In Abstract, you can use Markdown to format text in a way that is meaningful to you and your team. We’ve compiled a guide on where you can use Markdown and what formatting is supported.

Brief visual guide of markdown supported within Abstract

Where can I use Markdown?

Area in Abstract

MacOS App

Web App

Project Overview - About section

Branch summary

 

Collection description

Section within a collection

Commit description

 

Comments on activity in master or in a branch

Comments on a commit on master or in a branch

Comments on an artboard in the layer detail view

Comments on an artboard in presentation mode

Replying to a comment in the areas listed above

Branch reviews

What Markdown is supported?

Here are examples of the Markdown formatting that we support, with snapshots of what each one looks like in Abstract when applied.

Headings

Add number signs (#) in front of some text to format it as a heading. The amount of number signs you use will match the heading level you want to create. Alternatively, you can use any number of equal signs (==) or dashes (--) on the line below the text to create H1 and H2 headings.

# Heading level 1 

Heading level 1 Alt Syntax
===============
## Heading level 2 

Heading level 2 Alt Syntax
---------------
### Heading level 3

Paragraph Text

To format paragraph text as bold, italic, bold and italic, or struck-through, use asterisks (*), underscores (_), or tildes (~) as seen below.

Bold

I just love **bold text**.
I just love __bold text__.
Love**is**bold

Italic

Italicized text is the *cat's meow*.
Italicized text is the _cat's meow_.
A*cat*meow

Bold + Italic

This text is ***really important***.
This text is ___really important___.
This text is __*really important*__.
This text is **_really important_**.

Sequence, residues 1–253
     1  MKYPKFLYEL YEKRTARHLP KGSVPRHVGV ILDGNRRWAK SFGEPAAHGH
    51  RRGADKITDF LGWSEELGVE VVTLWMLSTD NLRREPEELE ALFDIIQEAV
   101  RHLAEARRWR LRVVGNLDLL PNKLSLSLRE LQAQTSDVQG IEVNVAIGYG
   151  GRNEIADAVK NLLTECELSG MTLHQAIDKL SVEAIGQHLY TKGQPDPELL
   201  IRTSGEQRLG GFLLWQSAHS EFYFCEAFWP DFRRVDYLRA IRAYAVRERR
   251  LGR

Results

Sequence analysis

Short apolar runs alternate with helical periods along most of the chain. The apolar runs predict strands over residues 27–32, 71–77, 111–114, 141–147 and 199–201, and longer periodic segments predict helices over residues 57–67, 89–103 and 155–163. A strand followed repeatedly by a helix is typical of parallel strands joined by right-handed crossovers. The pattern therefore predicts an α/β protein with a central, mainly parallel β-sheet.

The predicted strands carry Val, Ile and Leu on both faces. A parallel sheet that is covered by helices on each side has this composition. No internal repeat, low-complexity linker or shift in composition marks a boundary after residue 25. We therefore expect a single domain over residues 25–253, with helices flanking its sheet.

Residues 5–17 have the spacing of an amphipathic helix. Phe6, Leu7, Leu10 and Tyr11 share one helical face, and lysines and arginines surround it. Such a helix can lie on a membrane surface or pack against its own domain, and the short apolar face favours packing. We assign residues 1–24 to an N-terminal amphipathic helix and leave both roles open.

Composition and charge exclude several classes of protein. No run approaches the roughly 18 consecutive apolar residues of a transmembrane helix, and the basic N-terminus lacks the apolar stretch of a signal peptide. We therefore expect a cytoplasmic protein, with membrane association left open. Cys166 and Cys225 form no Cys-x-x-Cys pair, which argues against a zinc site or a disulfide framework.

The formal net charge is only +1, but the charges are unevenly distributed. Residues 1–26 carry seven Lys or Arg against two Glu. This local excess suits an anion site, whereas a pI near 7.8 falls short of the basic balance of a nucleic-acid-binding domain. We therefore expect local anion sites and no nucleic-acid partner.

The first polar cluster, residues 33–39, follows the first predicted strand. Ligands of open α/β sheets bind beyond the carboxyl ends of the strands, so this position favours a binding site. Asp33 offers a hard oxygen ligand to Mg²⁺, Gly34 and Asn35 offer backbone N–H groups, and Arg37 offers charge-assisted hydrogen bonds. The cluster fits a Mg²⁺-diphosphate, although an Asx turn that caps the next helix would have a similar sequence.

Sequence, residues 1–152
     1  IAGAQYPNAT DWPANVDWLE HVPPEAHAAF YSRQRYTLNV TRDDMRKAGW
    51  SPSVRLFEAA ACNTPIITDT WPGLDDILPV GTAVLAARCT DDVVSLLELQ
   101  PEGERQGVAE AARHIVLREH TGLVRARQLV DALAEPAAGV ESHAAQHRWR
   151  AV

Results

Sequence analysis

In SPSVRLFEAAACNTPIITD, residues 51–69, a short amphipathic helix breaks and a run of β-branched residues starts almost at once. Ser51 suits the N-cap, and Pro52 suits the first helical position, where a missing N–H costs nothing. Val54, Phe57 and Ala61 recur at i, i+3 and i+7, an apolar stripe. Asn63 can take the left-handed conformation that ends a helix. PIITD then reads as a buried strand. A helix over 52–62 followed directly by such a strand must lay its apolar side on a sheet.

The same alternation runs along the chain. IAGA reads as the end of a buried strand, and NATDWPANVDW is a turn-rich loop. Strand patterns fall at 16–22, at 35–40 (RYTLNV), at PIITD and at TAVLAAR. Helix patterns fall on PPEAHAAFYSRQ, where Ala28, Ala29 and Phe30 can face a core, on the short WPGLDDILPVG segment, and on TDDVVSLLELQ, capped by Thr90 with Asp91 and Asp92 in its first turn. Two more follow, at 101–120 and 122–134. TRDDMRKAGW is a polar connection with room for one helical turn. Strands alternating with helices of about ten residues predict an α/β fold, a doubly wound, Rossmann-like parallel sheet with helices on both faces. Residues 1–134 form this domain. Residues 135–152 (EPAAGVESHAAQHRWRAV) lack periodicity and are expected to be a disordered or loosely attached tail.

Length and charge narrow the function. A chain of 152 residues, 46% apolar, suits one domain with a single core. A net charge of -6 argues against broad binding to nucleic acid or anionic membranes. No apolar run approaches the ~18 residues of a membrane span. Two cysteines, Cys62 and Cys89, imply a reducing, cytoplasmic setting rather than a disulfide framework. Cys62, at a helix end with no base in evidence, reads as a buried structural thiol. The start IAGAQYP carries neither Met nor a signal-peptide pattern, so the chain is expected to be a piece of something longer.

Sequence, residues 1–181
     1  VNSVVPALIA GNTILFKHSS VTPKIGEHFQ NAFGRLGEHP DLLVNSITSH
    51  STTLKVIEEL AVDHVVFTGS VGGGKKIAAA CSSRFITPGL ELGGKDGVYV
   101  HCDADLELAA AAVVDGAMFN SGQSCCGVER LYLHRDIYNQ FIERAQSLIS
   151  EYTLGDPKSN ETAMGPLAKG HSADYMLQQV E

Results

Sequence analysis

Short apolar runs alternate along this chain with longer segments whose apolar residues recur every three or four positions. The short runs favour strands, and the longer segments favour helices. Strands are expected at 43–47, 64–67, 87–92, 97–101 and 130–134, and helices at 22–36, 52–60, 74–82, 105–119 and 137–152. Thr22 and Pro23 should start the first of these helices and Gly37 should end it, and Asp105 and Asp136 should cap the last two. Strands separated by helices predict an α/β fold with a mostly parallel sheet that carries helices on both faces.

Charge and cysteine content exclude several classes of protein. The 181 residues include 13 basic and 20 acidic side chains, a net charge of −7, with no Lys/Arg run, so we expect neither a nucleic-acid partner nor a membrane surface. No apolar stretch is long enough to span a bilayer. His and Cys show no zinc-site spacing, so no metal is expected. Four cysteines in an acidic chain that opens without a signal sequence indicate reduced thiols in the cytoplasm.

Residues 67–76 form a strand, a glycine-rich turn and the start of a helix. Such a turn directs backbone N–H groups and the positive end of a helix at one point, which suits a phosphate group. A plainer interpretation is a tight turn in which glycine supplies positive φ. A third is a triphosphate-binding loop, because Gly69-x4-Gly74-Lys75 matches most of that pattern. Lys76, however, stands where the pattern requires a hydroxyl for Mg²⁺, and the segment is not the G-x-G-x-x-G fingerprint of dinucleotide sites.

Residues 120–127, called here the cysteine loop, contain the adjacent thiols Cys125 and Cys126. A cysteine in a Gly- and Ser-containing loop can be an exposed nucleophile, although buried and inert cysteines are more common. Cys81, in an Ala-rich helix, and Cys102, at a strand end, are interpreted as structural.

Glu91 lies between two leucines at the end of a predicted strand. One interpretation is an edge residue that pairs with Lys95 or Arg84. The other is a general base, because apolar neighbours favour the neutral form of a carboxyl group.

Strikethrough

~~The world is flat.~~ We now know that the world is round.

Blockquotes

Add a greater-than symbol (>) in front of a line of text to create a blockquote. If you need the blockquote to display on multiple lines, include the > symbol on each new line. You can use multiple > symbols to indent text inside the blockquote.

> Dorothy followed her through many of the beautiful rooms in her castle.

> Dorothy followed her through many of the beautiful rooms in her castle.
>
>> The Witch bade her clean the pots and kettles and sweep the floor and keep the fire fed with wood.

> # The quarterly results look great!
>
> - Revenue was off the chart.
>
> - Profits were higher than ever.
>
>  *Everything* is going according to **plan**.

Lists

To create an ordered list, type a number followed by a period (beginning with 1.) and then write the list item. Start a new line for each new item. Use dashes (-) to create unordered lists, and indent using spaces to create tiered lists.

Ordered List

1. First item

2. Second item

3. Third item

4. Fourth item

Unordered List

- First item
- Second item
- Third item
   - Indented item
   - Indented item
- Fourth item

Code Related

To signify that a word or phrase is code, surround it with grave accents (`). You can also use this to call special attention to specific text even if it's not code, such as highlighting key terms. Use three grave accents on either side of a long stretch of text to indicate a full code block.

At the command prompt, type `nano`

```

code blocks only work when fenced in, not tabbed

```

Hyperlinks

You can quickly add a link or a mailto redirect in Abstract by surrounding the url or email address with < > symbols. To create a link and hide the url behind a preview title, surround the title with square brackets [ ], immediately followed by the url in parentheses ( ).

You can also combine some of the other text formattings with link formatting to create hyperlinks that are bold, italic, or even appear as code.

My favorite search engine is [Duck Duck Go](https://duckduckgo.com).

 

<https://www.markdownguide.org>

 

<fake@example.com>

 

I love supporting the **[EFF](https://eff.org)**.

 

This is the *[Markdown Guide](https://www.markdownguide.org)*.

 

See the section on [`code`](#code).

Horizontal Rules

Use three or more asterisks (*), dashes (-), or underscores (_) on a single line to create a horizontal rule between text.

***
---
____

Using a line of dashes “---” directly below text will format that text into H2 level text rather than creating a horizontal rule.

Images

You can add images to Abstract by using a Markdown format similar to links, with an added exclamation point (!) at the front. Since images are embedded using an URL, the image needs to be hosted externally using a service like Imgur or TinyPic in order to be displayed.

Photo by Karl Lee on Unsplash

![alt text](https://your-image-url-here.jpg)

Currently embedded images cannot be zoomed or previewed at full size. Images with text may be difficult to read.